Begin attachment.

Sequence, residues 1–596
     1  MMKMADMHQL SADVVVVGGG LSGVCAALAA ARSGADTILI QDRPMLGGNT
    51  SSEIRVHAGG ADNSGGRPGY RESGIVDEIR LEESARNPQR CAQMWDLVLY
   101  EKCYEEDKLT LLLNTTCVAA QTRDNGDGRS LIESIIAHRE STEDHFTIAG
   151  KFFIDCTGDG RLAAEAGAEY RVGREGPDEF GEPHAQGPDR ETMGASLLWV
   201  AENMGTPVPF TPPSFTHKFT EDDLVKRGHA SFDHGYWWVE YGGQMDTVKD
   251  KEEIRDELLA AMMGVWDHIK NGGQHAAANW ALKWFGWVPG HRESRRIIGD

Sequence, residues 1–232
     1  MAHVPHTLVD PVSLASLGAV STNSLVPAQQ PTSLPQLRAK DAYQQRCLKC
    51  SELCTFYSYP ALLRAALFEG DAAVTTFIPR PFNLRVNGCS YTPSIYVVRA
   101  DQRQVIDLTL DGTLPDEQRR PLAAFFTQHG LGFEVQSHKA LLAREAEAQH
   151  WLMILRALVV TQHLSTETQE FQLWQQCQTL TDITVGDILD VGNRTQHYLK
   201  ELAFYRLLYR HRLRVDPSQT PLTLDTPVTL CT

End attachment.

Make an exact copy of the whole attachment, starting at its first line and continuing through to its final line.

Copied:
Sequence, residues 1–596
     1  MMKMADMHQL SADVVVVGGG LSGVCAALAA ARSGADTILI QDRPMLGGNT
    51  SSEIRVHAGG ADNSGGRPGY RESGIVDEIR LEESARNPQR CAQMWDLVLY
   101  EKCYEEDKLT LLLNTTCVAA QTRDNGDGRS LIESIIAHRE STEDHFTIAG
   151  KFFIDCTGDG RLAAEAGAEY RVGREGPDEF GEPHAQGPDR ETMGASLLWV
   201  AENMGTPVPF TPPSFTHKFT EDDLVKRGHA SFDHGYWWVE YGGQMDTVKD
   251  KEEIRDELLA AMMGVWDHIK NGGQHAAANW ALKWFGWVPG HRESRRIIGD

Sequence, residues 1–232
     1  MAHVPHTLVD PVSLASLGAV STNSLVPAQQ PTSLPQLRAK DAYQQRCLKC
    51  SELCTFYSYP ALLRAALFEG DAAVTTFIPR PFNLRVNGCS YTPSIYVVRA
   101  DQRQVIDLTL DGTLPDEQRR PLAAFFTQHG LGFEVQSHKA LLAREAEAQH
   151  WLMILRALVV TQHLSTETQE FQLWQQCQTL TDITVGDILD VGNRTQHYLK
   201  ELAFYRLLYR HRLRVDPSQT PLTLDTPVTL CT